A student walked into my fourth period class today wearing a black t-shirt with a huge red Soviet hammer and sickle on the front of the shirt.
I gave the student some semi-friendly ribbing about it because I didn't have time to go into it further, but this student's wearing this t-shirt bothered me greatly. Imagine this student walking into class wearing a t-shirt with a big Nazi swastika on it. In my opinion, there is no difference between the Nazi swastika and the Soviet hammer and sickle. In fact, the ideology behind the hammer and sickle has been responsible for far more deaths than Nazism could ever dream about. Historians differ on the exact number, but the average number of deaths attributed to Communism in the 20th century falls somewhere around 100 million, but most estimates steer more toward 150 to 200 million. Why in all that is good and holy would a student find no problem wearing a shirt that glorifies that carnage? You could chalk it up to ignorance, but again, I doubt the student would unknowingly wear a swastika shirt to school, so it has to be something else. There is also a select group of students at my school who wear the ubiquitous Che Guevara t-shirt. Again, why is that accepted when wearing a Heinrich Himmler t-shirt would not go over so well?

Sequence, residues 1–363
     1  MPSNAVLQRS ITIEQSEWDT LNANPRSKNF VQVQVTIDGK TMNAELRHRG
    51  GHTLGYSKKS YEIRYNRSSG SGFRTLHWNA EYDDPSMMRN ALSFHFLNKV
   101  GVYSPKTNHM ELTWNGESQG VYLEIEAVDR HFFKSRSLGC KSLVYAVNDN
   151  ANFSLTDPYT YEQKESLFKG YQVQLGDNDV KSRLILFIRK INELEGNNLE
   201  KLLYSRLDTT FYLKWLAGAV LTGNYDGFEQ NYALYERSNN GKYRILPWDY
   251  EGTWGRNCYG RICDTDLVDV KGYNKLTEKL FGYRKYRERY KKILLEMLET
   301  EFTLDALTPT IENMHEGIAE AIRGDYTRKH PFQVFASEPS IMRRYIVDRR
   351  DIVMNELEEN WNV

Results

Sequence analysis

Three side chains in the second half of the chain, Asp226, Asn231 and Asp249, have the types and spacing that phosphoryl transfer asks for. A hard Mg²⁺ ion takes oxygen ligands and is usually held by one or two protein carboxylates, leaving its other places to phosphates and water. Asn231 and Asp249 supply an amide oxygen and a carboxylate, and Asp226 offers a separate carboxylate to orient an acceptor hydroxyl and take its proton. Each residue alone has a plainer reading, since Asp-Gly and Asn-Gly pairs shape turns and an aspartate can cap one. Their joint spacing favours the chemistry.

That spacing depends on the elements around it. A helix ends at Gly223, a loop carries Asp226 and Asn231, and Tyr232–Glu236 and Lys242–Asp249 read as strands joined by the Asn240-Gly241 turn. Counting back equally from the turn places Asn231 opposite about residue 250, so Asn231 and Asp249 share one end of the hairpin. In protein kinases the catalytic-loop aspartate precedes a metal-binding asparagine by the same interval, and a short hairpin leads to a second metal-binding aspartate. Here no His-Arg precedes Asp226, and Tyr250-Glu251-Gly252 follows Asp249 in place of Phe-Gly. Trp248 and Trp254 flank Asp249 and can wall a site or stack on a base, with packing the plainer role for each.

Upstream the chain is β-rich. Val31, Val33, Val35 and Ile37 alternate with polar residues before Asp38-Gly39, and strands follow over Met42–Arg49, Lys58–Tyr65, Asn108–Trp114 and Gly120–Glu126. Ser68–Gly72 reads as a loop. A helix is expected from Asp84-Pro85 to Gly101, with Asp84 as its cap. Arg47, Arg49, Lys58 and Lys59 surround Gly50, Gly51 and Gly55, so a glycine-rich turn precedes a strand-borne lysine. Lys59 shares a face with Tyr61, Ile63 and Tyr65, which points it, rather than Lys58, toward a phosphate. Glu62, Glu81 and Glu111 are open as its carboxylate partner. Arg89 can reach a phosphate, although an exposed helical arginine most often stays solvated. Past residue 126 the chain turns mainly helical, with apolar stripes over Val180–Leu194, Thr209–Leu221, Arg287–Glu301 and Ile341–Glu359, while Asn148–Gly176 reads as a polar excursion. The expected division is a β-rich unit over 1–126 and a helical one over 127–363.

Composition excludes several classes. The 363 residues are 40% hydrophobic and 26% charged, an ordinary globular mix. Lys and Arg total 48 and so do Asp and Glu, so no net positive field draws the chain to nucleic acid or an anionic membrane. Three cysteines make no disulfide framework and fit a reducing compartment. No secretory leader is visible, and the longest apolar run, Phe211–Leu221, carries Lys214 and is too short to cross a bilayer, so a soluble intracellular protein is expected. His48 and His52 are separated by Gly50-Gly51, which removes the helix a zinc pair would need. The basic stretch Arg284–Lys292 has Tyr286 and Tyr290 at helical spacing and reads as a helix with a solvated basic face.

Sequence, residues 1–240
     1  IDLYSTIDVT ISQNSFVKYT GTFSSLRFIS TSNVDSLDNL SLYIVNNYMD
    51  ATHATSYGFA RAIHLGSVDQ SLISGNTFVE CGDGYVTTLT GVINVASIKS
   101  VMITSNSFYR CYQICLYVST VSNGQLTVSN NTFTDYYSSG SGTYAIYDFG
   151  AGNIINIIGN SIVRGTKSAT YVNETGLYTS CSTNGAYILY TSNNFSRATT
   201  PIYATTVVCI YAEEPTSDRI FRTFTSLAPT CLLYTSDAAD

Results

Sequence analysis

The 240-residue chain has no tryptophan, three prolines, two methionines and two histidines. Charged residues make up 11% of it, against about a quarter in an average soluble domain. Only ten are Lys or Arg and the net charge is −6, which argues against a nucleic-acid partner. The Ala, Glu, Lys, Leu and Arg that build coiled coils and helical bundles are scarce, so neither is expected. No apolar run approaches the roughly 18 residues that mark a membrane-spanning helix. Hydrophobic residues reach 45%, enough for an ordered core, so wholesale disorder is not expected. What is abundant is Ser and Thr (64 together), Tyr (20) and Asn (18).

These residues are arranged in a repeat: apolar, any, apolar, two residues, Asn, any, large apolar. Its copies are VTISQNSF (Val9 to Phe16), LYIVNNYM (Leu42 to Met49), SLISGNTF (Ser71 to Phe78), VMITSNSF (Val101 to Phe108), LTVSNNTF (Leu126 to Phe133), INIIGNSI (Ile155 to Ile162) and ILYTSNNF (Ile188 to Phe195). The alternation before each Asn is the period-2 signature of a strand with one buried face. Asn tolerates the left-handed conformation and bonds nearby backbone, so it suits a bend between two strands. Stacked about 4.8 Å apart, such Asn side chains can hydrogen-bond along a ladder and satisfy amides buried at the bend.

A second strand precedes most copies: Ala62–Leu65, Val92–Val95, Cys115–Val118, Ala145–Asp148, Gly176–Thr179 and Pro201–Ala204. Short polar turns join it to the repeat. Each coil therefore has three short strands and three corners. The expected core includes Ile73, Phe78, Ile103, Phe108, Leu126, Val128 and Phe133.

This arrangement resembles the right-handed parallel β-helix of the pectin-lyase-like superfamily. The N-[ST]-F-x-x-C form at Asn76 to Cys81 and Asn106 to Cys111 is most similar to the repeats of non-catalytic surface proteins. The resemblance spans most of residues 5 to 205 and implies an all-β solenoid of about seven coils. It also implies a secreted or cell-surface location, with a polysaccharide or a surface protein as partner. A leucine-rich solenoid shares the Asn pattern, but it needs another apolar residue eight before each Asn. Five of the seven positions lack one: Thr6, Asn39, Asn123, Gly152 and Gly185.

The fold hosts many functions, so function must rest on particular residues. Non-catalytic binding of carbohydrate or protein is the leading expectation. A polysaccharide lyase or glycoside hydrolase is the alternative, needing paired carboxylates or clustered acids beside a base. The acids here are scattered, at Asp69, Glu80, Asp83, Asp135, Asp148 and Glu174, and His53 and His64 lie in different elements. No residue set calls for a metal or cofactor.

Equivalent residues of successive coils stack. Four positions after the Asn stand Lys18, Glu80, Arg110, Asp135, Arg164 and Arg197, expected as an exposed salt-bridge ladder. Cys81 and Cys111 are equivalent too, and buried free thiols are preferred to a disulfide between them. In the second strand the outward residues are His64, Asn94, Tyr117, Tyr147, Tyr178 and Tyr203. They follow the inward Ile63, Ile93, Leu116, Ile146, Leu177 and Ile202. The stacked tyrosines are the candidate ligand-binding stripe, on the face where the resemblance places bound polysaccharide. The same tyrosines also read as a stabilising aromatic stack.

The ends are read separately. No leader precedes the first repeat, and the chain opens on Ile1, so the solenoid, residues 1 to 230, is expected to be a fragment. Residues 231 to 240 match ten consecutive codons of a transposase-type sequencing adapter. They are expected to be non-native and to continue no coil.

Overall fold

I am being a bit rhetorical here, because I already know the answer to my question. Communism is given a pass because, in typical leftist fashion, intentions count more than results. Too often, communists are looked at as a bunch of harmless fuzzy idealists who only want to help the common man; those are the intentions. The problem is that everywhere communism was implemented, mass slaughter and subjugation soon followed; those are the results.
The ultimate irony in all this is that during the first couple years of World War II, the communists defended the actions of Hitler and the Nazis... until Hitler invaded the Soviet Union.
Good Day to You, Sir